Sarah Ballantyne said she chose in-person learning because her daughters are both in advanced academic programs that Cobb is not offering virtually. The oldest, in ninth grade, is vaccinated and would not be able to re-enroll in her magnet program if she opted for virtual learning this year, Ballantyne said. The youngest, a sixth-grader is not eligible for the vaccine until November.

“I really felt like I had to choose between my children’s safety and their entire educations and futures,” Ballantyne said. “Things have changed so dramatically in the last couple of weeks that I have second guessed that choice very, very often.”

But about 2,000 Cobb students are learning virtually this semester, according to the district. Families will be able to enter a lottery later this fall for virtual slots that open in January.

Gwinnett County Public Schools set an initial deadline of April to sign up for virtual learning this school year. More than 4,000 students opted in, but as the district extended the deadline through the summer, the virtual count shrank by about 800.

Parents faced a new deadline of Aug. 2 — two days before the school year began. In the final few days, almost 1,200 new students signed up for digital learning, according to a district official.

Elementary digital class sizes now average between 36 and 46, depending on the grade. The district is hiring digital substitutes to co-teach in those classes.



Expanded opportunities

Clayton, DeKalb and Fulton schools are offering more opportunities to switch to virtual learning.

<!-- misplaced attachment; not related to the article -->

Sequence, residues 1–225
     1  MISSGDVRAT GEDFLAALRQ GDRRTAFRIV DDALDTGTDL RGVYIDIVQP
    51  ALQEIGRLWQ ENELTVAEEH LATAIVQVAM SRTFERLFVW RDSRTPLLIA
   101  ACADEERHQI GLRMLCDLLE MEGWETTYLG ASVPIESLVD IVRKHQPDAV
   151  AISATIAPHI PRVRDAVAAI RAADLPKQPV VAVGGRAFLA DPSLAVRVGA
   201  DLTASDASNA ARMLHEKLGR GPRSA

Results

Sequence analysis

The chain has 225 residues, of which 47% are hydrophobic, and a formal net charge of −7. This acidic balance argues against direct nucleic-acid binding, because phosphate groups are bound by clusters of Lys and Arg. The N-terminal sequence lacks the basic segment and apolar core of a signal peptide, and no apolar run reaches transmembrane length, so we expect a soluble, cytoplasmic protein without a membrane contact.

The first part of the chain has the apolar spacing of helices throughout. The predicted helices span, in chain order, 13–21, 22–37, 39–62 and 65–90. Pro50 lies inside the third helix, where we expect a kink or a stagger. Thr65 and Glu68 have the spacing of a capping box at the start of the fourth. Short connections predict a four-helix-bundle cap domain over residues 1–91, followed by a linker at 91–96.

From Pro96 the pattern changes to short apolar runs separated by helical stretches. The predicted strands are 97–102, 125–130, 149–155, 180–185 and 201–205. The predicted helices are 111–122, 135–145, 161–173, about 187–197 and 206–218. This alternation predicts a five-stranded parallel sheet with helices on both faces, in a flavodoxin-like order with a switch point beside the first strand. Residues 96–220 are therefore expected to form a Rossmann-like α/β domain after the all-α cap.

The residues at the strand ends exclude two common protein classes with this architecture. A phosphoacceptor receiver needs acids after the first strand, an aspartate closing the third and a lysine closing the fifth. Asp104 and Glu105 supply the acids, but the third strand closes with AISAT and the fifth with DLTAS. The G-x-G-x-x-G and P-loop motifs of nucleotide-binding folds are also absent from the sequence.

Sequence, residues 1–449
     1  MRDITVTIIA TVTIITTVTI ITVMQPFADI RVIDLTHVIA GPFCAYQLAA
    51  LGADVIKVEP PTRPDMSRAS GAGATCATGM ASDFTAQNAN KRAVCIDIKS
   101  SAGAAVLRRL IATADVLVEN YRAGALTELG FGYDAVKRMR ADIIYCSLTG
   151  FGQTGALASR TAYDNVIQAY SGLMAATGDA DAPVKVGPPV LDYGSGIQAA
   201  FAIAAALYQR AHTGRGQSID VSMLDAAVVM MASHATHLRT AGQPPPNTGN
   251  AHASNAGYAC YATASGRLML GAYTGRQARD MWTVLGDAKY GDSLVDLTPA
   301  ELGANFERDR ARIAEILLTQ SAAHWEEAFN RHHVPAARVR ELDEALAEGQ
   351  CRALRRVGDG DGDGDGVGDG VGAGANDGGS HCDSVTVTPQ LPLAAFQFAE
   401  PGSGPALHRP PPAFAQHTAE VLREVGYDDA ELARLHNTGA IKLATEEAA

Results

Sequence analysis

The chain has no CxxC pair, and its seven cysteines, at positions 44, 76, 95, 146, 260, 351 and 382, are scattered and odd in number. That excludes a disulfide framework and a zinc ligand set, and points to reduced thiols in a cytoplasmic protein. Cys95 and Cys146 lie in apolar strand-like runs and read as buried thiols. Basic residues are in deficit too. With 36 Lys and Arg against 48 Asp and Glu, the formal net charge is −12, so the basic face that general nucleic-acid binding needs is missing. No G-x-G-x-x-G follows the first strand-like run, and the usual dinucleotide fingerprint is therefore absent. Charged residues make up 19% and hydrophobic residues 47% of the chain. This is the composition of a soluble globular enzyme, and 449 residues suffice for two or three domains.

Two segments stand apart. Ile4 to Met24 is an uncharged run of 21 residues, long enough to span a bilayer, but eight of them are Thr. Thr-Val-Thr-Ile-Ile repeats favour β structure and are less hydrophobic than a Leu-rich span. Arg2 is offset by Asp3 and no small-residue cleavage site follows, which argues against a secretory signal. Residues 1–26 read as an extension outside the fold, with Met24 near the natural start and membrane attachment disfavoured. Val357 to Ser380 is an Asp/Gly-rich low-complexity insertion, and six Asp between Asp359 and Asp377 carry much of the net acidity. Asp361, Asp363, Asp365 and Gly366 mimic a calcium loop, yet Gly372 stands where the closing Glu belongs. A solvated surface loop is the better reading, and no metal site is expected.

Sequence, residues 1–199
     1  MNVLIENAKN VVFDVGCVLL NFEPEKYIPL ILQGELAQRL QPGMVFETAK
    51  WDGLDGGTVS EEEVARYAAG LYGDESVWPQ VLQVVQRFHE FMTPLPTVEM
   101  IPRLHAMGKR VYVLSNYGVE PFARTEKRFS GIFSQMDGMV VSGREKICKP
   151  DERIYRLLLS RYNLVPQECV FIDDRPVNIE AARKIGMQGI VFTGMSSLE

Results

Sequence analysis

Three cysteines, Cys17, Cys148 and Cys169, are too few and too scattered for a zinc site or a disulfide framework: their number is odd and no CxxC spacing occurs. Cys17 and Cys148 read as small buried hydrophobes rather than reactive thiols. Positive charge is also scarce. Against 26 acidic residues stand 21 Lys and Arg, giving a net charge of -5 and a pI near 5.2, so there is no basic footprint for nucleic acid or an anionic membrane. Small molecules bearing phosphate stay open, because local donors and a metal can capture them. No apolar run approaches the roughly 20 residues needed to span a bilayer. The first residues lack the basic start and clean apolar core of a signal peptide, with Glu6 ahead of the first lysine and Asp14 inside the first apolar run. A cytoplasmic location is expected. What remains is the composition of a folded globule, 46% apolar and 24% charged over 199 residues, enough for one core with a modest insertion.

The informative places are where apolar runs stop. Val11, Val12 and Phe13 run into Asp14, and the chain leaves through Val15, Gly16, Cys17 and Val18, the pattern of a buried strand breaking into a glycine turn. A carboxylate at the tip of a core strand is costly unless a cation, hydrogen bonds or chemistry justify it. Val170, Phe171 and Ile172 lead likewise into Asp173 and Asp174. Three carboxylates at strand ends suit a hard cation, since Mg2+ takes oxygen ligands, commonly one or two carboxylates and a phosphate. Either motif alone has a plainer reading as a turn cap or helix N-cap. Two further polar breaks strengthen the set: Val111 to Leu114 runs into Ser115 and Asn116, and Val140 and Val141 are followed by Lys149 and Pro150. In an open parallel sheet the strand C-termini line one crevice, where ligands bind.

The number of Clayton County students enrolled in the district’s full-time online program nearly tripled since the first day of school. About 6,800 students are now enrolled. Students can still sign up.

As the new school year was starting, Fulton County Schools scrambled to expand virtual options. The district added more seats at Fulton Academy of Virtual Excellence, which launched this year for third through 11th grades. Enrollment was just over 1,350 in late August. The district will take up to 1,500.

Fulton officials also announced a virtual program for kindergarten through second grade. They initially set an enrollment cap of 300 but are trying to accommodate all 513 interested students.

Arathi Padmanabhan balked at a requirement to commit her third-grade son to the virtual academy for a full year and didn’t want to pull him from his elementary school.

The family picked in-person learning, but with case counts rising, she said the situation “just looks like a mess.” She’d like a more flexible option that allows students to return to classrooms once they’re eligible for and get the vaccine.

Chief Academic Officer Cliff Jones said the district needed year-long commitments to ensure the virtual school had the appropriate budget and staffing.

He said the district worked to support families with safety concerns.

“We’ve been clear from when we first started this that we really were going to prioritize our face-to-face instructional environments. That’s where we know kids learn the best,” Jones said.

The Atlanta district set a May deadline to sign up for online learning. For now, parents who visit the program’s website will see a big exclamation mark and an alert that registration is closed.

Staff writer Scott Trubey contributed to this report.

Virtual learning enrollment

The following is approximate full-time online enrollment data as of late August for the first semester in metro area school districts:

Atlanta Public Schools: 680

Cobb: 2,000

Clayton County: 6,796

DeKalb: 2,031

Fulton: 2,000

Gwinnett: 5,347